The Under Armour Flow Velociti Elite has all the ingredients of the best carbon plate running shoes, and is a high-performance option for fast running, but it lacks the propulsive feel of the top racers that are available.
- Fast ride
- More stable than other super-shoes
- Lacks propulsive feel of others
- A bit firm for longer runs
- Heavier than others
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It’s not easy to make one of the best carbon plate running shoes. Almost every brand now has a super-shoe in its line-up, but creating the magical feel of top racers like the Nike Vaporly isn’t as simple as sticking a carbon plate between two layers of bouncy foam.
The Under Armour Flow Velociti Elite illustrates how tricky it is for a brand to nail its first super-shoe. The main elements of a modern-day racer are there, but the performance isn’t as good as the best options available, making it hard to recommend the Velociti Elite.
Under Armour Flow Velociti Elite Review: Price And Availability
The Under Armour Flow Velociti Elite launches on the UA website on Friday 7th April and costs $250 in the US and £220 in the UK. That price is comparable to that of other super-shoes, though you can now find older options, like the Nike Vaporfly NEXT% 2, in sales for less than £200.
Design And Fit
The Flow Velociti Elite introduces two new foams to Under Armour’s range. The first is a springy PEBAX material that’s used for the top half of the midsole, and the second is a gas-injected version of the Flow foam used in the Velociti Wind training shoe, which is lighter and bouncier than the normal Flow foam.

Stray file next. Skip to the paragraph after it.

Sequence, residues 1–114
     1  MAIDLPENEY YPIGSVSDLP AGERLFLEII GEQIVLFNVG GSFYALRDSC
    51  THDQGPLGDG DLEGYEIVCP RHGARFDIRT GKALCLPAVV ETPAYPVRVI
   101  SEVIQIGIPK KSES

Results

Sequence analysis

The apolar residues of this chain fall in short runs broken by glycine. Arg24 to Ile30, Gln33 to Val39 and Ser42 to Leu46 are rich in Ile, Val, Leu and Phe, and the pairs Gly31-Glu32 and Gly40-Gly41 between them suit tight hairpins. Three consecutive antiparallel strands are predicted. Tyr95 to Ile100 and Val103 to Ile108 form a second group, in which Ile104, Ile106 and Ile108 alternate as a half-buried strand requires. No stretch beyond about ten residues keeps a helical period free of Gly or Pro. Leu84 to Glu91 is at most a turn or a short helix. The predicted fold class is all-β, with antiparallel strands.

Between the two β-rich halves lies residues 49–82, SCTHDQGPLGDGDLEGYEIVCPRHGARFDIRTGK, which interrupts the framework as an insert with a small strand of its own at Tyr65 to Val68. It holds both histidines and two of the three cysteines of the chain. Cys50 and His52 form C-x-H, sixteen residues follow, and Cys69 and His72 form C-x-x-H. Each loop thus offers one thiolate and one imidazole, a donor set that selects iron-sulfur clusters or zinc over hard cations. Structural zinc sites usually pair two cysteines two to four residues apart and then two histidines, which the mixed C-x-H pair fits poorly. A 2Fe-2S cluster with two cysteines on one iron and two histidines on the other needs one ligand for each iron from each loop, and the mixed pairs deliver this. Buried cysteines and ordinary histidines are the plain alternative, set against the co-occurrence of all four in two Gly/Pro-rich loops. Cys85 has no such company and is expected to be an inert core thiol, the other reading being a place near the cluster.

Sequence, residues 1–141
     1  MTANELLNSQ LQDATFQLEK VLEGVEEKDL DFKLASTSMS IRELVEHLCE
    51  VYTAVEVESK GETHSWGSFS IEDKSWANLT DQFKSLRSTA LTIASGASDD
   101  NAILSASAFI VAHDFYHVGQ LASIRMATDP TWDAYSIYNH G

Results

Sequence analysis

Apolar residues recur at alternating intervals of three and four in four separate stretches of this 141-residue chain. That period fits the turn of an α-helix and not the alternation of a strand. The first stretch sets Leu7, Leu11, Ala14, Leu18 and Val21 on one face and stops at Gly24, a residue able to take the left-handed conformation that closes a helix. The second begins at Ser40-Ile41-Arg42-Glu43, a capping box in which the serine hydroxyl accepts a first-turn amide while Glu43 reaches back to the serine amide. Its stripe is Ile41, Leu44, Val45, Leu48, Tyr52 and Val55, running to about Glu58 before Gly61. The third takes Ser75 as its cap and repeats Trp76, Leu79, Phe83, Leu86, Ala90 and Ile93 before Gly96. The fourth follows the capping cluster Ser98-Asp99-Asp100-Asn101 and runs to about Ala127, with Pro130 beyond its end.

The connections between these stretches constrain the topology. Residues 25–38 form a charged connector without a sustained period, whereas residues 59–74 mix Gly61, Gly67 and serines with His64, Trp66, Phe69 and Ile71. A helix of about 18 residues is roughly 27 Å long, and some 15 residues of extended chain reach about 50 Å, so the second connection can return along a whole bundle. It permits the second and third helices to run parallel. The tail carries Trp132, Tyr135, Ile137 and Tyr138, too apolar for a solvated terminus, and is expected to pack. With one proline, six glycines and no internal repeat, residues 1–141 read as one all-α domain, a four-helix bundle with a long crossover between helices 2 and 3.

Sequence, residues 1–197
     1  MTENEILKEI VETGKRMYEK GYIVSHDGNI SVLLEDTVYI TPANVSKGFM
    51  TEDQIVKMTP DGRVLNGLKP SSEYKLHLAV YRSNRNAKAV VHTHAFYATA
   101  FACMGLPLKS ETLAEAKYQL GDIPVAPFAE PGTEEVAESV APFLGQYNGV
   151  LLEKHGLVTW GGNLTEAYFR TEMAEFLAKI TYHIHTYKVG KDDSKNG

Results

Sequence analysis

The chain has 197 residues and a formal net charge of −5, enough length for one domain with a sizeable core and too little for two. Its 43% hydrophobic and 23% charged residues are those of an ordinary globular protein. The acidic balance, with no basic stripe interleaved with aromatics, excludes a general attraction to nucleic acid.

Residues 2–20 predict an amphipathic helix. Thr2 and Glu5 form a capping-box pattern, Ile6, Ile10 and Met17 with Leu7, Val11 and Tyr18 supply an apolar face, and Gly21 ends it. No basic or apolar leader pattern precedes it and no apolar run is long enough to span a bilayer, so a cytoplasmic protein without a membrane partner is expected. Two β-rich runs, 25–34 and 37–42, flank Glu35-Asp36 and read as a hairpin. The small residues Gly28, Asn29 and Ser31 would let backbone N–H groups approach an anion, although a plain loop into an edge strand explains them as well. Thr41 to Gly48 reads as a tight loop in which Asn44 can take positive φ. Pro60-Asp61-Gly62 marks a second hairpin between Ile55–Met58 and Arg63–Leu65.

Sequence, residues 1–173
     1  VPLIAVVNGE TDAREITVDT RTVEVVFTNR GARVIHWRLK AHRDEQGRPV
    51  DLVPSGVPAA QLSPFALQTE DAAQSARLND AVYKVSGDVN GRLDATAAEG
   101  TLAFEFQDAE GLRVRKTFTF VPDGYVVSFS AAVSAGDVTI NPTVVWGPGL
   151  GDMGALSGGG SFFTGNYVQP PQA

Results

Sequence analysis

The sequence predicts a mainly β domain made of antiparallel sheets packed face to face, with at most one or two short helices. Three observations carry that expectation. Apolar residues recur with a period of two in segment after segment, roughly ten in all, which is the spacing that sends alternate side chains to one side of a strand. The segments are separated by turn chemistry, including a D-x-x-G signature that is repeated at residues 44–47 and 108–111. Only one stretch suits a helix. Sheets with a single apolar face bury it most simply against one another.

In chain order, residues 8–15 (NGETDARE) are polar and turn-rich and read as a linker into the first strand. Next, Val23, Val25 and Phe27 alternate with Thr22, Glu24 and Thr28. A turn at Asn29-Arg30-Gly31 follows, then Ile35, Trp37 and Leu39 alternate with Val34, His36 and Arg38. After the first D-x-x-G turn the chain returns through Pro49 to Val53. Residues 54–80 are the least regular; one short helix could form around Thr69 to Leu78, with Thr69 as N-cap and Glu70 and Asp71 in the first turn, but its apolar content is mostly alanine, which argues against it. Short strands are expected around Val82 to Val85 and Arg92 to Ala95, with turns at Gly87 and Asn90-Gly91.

There is also a TPE insole to add more cushioning underfoot, while a full-length carbon plate runs through the midsole. The Flow foam also acts as the outsole of the shoe, with no rubber added. The foam has shown no signs of wear in my testing so far and the pattern on the bottom means that the shoe grips well, so I don’t expect this rubberless design to compromise durability or traction significantly. The stack height is listed at 39mm at the heel and 31mm at the forefoot for an 8mm drop.
Weighing 8.5oz/242g in my UK size 9, the Flow Velociti Elite is one of the heavier super-shoes: it’s comparable in weight to marathon cruisers like the Nike Alphafly NEXT% 2 and Adidas Adios Pro 3, which are more cushioned. The Nike Vaporfly NEXT% 2, Asics Metaspeed Sky+, New Balance Fuelcell SC Elite v3, Mizuno Wave Rebellion Pro and Saucony Endorphin Elite are all 10-30g lighter in my size.
The Warp 2.0 mesh upper has supportive strips running through it in a criss-cross pattern that ensures a secure fit down the length of the shoe, with padding around the heel that helps to cradle the Achilles. The shoe fitted well in my normal size. I also tried a half size down and found it too tight in the toe box.
How I Tested This Shoe
I have run 50km in the Under Armour Flow Velociti Elite, using it for a range of runs. These have included easy plods, a track session with short all-out reps and a longer session with extended stints at around my marathon pace. I have also tested almost all the best carbon plate running shoes available from other brands.